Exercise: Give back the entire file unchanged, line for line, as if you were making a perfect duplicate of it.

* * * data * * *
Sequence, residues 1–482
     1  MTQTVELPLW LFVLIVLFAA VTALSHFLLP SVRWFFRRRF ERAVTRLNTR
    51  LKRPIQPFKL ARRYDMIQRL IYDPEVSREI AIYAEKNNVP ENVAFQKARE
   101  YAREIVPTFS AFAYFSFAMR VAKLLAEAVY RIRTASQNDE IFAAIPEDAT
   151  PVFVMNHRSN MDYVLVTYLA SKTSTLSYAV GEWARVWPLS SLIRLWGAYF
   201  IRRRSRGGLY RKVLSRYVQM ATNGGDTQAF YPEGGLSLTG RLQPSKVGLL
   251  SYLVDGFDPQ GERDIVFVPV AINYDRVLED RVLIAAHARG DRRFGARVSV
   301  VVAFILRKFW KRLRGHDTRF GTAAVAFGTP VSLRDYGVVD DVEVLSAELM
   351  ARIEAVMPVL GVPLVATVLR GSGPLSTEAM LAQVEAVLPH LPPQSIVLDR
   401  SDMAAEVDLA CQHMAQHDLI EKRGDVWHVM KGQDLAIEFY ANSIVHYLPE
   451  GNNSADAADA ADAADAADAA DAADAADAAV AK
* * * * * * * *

Sequence, residues 1–482
     1  MTQTVELPLW LFVLIVLFAA VTALSHFLLP SVRWFFRRRF ERAVTRLNTR
    51  LKRPIQPFKL ARRYDMIQRL IYDPEVSREI AIYAEKNNVP ENVAFQKARE
   101  YAREIVPTFS AFAYFSFAMR VAKLLAEAVY RIRTASQNDE IFAAIPEDAT
   151  PVFVMNHRSN MDYVLVTYLA SKTSTLSYAV GEWARVWPLS SLIRLWGAYF
   201  IRRRSRGGLY RKVLSRYVQM ATNGGDTQAF YPEGGLSLTG RLQPSKVGLL
   251  SYLVDGFDPQ GERDIVFVPV AINYDRVLED RVLIAAHARG DRRFGARVSV
   301  VVAFILRKFW KRLRGHDTRF GTAAVAFGTP VSLRDYGVVD DVEVLSAELM
   351  ARIEAVMPVL GVPLVATVLR GSGPLSTEAM LAQVEAVLPH LPPQSIVLDR
   401  SDMAAEVDLA CQHMAQHDLI EKRGDVWHVM KGQDLAIEFY ANSIVHYLPE
   451  GNNSADAADA ADAADAADAA DAADAADAAV AK